U.S. Assistant Secretary of State Christopher Hill is to leave for Asia on Thursday to meet with allies and discuss North Korea's missile tests.
Hill has urged Pyongyang to return to the six-party talks, which are aimed at resolving the North Korean nuclear crisis.
At the White House Wednesday, President Bush condemned the missile launches and said North Korea has further isolated itself from the rest of the world. European and Asian leaders have also condemned the North Korean action.
In an interview with Russian television Wednesday, a Kremlin aide said the leaders of the world's industrialized nations will discuss the missile testing at this month's G-8 summit.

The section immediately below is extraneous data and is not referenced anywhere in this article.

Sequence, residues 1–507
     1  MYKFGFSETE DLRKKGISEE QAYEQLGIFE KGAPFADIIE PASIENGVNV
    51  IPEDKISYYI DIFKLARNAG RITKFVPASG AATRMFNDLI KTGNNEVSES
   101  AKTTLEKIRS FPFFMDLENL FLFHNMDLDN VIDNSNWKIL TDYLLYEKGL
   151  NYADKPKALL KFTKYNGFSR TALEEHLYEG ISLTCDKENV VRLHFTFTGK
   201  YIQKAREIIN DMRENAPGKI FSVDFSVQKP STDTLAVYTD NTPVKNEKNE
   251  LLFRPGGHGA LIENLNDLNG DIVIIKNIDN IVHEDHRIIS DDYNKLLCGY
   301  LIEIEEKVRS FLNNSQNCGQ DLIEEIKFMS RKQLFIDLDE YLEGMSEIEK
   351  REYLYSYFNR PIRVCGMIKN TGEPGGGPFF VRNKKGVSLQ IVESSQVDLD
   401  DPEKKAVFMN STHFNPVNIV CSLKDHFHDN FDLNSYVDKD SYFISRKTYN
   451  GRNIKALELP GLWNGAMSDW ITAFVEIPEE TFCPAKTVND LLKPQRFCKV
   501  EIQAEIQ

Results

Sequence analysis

U-S Ambassador to the United Nations, John Bolton said Security Council members are united in wanting to send a strong message to North Korea.
Japan, meanwhile, has circulated a draft resolution that calls for a ban on the transfer of funds, material or technology that could be used in North Korea's missile program. Japan is within missile range and has raised its military alert status.
North Korea fired seven missiles, including a long-range rocket that experts say is capable of reaching the United States. The U.S. Department of Defense says it detected all seven missiles and quickly determined they posed no threat to the United States.
U.S. officials say the one long-range missile failed less than one minute after launch. They said it fell into the Sea of Japan.
North Korea's Foreign Ministry has described the missile tests as a matter of national sovereignty.